Rock Icon Al Kooper, Super Sessions 5.1
By Al Carlos Hernandez on July 30, 2014
HOLLYWOOD (Herald de Paris) – In a career that spans fifty years, Al Kooper has managed to turn up at key points in the last five decades. He is often referred to as the “Zelig” or “Forrest Gump” of rock.
Herald De Paris had the opportunity to speak the man, the myth, the legend, Al Kooper.
He said, “I guess they called me Forrest Gump, I think because I was involved in so many situations in a small time period.”
As far as his influences are concerned, Al says, “I don’t think anyone was influenced by me in the beginning, I started in 1958. I didn’t have that much to offer until 1965.”
Kooper started out as a guitar player but quickly became known as a keyboard player, as Al explains, “Because I played the organ on ‘Like a Rolling Stone’”. He is well known for his organ playing on Bob Dylan’s “Like A Rolling Stone.” He played off and on with Dylan for many years, both live and in the studio.
In 1958 Kooper began his professional career as guitarist in The Royal Teens (“Short Shorts”). He reinvented himself into a Tin Pan Alley songwriter with cuts such as “This Diamond Ring” by Gary Lewis and the Playboys. He also went on to write for artists such as Gene Pitney, Keely Smith, Carmen MacRae, Pat Boone, Freddie Cannon, Lulu, Lorraine Ellison, Donnie Hathaway and was later sampled by The Beastie Boys, Jay-Z, The Pharcyde, and Alchemist to name but a few.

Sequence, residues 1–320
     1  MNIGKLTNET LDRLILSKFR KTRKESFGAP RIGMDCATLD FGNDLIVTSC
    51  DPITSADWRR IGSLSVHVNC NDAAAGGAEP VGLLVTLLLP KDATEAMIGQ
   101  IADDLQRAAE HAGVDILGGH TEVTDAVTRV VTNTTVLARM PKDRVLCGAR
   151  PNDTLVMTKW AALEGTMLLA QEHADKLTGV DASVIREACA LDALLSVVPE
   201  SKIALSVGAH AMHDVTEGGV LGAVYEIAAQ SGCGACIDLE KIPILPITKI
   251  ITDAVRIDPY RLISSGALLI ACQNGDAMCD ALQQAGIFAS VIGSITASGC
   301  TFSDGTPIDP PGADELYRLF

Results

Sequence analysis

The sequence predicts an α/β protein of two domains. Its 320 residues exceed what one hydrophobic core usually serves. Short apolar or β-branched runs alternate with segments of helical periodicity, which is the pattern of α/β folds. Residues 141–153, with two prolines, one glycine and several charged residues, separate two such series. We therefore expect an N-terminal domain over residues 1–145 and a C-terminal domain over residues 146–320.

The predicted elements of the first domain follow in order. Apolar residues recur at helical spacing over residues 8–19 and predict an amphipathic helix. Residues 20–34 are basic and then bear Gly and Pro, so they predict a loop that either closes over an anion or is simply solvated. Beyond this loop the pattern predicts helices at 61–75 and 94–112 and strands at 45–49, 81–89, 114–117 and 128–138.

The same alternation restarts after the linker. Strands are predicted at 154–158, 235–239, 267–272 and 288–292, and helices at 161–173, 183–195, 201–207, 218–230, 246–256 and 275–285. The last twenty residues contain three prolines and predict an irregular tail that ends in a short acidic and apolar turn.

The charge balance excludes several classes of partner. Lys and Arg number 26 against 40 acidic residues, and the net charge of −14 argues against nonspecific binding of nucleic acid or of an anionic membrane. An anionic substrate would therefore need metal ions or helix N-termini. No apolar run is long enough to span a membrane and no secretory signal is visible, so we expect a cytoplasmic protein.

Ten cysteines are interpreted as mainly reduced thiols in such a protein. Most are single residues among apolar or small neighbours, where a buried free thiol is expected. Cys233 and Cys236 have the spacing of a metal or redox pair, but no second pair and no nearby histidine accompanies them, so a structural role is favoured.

In the mid-sixties Al was a member of The Blues Project and then founded Blood Sweat & Tears, remaining only for their debut album Child Is Father to the Man.
Regarding Blood Sweat & Tears he said,” I just had become a pretty good arranger by then and wanted to add a horn section to new songs that I had written that called out for them.”
For the rest of the interview, please visit the Herald de Paris website!